Monday, August 11, 2014

Fish like water

While at the market or post office—on one of our rare and joyous rainy days-- I am often quizzed by the fishing public with “hey Super Fly, what does all the rain do to the fishing?” As a proper explanation would be much too long my reply is usually “fish like water”. I would gladly refer them to the paperback edition of my book Instinctive Fly Fishing but I missed this subject in there. (If you have the book please print this article out and staple it in the “conditions” chapter.)

Our recent midsummer rains came at the perfect time. Extensive rains raise the water table and provide consistent flows for healthy year-round stream levels.  The long term effects of lots of moisture are good for the fishing in most all watersheds—except one of great note locally—the Rio Grande. Because, under low water conditions the “Rio” is largely spring fed with a water of far better quality then the oxygen-starved, silty sludge coming down from Colorado. And a raging Rio forces the trout to occupy cramped quarters along the edges; and fish and aquatic insects thrive in more moderate currents. Rain in the mountainous is one thing, but the Rio (especially south of Taos) runs through much sandier, overgrazed soil that gets easily washed into the river.  When the Monsoons subside in the Fall, The Rio Should be great as no fish have been bothered there all summer.
Notice the sandy (silty) nature of the Lower Rio Grande Canyon 

Although the silting is usually man made there are places where siltation happens naturally –like the upper Red River with its geo-thermal scaring. Two 100 year rains within a month in 2007 sent yellow silt downstream and raised the PH of the water and killed a lot of fish in the Red and Rio Grande. The mine tailings downstream of that yellow earth also have a high PH value and contributed to this PH problem.  But the Red is healthier now than it has been in decades.  Big Cutbows have made a comeback down in the canyon and the Molybdenum Mine has closed its doors for good.  With the cleanup scheduled to start soon, fishing there (and on the Rio Grande below) should continue to improve.

When you consider where to fish when it has been raining a bunch; think below a dam, or an unlogged road-less stream. In the Taos/Santa Fe area this would include the Costilla and Cimarron tail waters.  (Remember that wet weather often makes the tail waters too low; as the rain decreases the need for irrigation water.)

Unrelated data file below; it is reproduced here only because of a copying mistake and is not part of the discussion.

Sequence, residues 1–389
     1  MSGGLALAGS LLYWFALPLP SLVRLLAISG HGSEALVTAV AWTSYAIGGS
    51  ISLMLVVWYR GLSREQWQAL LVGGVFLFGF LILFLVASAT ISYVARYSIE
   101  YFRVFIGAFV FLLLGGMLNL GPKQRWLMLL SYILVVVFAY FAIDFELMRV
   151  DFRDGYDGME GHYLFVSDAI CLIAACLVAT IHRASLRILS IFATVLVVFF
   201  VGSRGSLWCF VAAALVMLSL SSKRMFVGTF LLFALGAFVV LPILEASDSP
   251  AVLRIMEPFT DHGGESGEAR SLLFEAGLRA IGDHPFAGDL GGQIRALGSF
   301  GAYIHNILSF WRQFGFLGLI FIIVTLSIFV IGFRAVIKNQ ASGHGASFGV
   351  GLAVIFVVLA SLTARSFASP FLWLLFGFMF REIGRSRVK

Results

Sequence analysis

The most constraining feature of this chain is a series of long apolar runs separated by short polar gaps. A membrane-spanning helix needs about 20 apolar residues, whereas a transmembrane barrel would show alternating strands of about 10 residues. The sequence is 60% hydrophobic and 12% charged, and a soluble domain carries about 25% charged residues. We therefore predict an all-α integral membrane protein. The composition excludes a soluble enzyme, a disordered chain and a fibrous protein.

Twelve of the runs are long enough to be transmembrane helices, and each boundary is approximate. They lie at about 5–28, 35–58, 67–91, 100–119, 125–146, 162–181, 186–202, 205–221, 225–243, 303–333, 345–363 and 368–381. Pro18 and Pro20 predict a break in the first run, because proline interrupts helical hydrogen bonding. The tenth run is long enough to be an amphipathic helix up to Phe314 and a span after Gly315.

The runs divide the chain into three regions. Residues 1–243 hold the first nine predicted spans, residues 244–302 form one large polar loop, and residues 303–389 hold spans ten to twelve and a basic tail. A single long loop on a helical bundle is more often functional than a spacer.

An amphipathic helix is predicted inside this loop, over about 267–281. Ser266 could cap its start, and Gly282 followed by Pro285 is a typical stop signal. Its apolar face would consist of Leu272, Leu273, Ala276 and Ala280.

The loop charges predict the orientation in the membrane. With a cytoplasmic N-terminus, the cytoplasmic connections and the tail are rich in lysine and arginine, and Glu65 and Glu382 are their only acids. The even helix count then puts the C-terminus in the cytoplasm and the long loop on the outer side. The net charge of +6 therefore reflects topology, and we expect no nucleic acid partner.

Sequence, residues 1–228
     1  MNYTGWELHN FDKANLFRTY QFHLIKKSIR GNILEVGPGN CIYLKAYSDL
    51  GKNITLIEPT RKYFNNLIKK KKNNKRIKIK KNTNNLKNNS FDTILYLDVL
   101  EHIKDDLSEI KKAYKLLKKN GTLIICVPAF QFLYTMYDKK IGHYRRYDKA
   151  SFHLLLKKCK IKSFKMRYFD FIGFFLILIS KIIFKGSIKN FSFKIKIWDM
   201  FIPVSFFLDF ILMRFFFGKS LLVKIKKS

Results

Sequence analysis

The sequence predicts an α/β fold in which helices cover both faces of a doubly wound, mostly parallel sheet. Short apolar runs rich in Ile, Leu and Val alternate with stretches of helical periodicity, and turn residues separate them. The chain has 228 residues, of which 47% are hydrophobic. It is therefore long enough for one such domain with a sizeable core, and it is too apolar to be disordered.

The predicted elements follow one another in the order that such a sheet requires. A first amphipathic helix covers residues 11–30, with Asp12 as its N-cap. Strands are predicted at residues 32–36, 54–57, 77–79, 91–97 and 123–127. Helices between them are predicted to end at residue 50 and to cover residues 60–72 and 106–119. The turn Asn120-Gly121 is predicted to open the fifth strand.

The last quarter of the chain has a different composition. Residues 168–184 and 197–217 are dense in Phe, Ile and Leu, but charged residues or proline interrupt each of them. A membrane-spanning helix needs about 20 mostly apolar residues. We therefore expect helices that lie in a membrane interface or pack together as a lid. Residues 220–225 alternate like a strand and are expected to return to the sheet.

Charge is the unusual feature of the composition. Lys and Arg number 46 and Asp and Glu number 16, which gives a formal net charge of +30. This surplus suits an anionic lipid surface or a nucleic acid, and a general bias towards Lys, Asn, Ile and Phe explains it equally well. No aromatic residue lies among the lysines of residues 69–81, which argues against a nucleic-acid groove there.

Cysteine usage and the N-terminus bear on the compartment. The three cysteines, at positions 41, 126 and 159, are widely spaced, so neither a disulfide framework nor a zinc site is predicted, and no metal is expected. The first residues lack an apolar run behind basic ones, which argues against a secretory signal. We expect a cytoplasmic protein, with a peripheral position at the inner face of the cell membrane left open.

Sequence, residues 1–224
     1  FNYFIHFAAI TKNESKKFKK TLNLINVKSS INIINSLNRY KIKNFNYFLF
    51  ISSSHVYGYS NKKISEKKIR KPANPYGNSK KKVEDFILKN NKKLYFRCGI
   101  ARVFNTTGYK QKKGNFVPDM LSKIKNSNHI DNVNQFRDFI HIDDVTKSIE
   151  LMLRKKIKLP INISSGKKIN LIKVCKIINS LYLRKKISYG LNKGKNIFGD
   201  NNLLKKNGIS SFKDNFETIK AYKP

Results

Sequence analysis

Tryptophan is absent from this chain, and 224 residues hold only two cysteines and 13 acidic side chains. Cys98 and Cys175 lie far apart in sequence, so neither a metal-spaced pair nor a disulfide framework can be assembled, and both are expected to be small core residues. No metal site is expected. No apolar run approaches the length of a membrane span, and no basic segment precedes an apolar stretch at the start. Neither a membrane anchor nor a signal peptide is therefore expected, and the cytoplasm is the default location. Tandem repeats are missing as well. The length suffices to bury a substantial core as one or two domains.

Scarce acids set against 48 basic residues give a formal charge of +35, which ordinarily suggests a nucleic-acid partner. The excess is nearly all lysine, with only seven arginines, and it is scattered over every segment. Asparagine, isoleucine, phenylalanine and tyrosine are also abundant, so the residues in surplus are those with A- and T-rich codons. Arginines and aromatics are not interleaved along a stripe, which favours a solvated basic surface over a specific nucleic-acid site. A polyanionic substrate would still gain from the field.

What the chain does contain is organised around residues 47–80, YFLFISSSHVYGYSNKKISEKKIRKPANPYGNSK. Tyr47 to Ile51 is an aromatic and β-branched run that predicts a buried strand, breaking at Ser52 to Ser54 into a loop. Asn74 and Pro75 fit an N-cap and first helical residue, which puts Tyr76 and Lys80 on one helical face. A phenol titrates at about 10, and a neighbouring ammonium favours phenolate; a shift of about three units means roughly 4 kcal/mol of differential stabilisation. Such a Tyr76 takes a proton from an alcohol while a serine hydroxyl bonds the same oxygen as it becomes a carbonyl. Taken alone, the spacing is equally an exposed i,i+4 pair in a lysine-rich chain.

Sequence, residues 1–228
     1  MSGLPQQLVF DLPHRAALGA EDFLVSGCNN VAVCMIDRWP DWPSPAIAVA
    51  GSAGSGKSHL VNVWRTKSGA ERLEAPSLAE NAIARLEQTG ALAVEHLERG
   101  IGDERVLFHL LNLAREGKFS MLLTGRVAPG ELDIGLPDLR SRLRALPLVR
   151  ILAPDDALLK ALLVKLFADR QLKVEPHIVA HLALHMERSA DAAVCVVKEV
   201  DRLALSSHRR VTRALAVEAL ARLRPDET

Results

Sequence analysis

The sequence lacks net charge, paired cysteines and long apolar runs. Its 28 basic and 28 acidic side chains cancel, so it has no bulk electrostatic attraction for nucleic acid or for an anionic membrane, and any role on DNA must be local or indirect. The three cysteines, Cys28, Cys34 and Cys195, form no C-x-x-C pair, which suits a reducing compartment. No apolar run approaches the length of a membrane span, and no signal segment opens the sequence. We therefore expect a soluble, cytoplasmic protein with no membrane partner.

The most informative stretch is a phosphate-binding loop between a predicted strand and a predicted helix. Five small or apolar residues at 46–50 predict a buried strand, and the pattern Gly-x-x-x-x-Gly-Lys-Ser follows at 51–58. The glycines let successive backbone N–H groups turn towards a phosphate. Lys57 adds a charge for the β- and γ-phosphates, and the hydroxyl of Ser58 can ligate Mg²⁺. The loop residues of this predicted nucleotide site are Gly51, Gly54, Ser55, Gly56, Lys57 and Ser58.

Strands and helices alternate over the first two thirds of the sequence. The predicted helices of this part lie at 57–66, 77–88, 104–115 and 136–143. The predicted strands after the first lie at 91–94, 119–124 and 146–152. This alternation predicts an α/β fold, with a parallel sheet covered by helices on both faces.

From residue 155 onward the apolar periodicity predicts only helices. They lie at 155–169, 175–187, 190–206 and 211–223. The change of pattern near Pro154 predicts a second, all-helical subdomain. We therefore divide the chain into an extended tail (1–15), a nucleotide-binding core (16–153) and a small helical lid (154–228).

Fishing streams that come out of the vast Pecos Wilderness is smart because the pristine watershed remains largely unaffected by downpours. (Although there were bad fires in the last few years at the mid-elevations of the Pecos River itself which of course messed up the river below there.) The Santa Barbara on the north end of those mountains and Las Casas at the east side are good choices as well.

The upper portions of the Chama river (in Colorado)-are good above the campground. The forks of the Conejos likewise. (But bear in mind that the Platero road is all dirt and turns the main river muddy after heavy rain). The Brazos is relatively undisturbed so it doesn’t stay muddy for long. As is the case with the streams in the Tusas Mountains west of Tres Piedras.

Streams that run through arid lands and are consequently marginal fisheries—the Rio Pueblo de Taos notably—and need years of consistent wet weather to support trout after big silt events. Unfortunately a few years ago a severe downpour over the way-to-wide subdivision dirt roads there sent silt knee deep all the way to the Rio Grande. In actuality, the silt addition from that stream turns the Rio Grande into a lesser fishery below the two rivers confluence. Siltation is a big deal. So let it rain—but not too hard, and only on ground unaltered by man.


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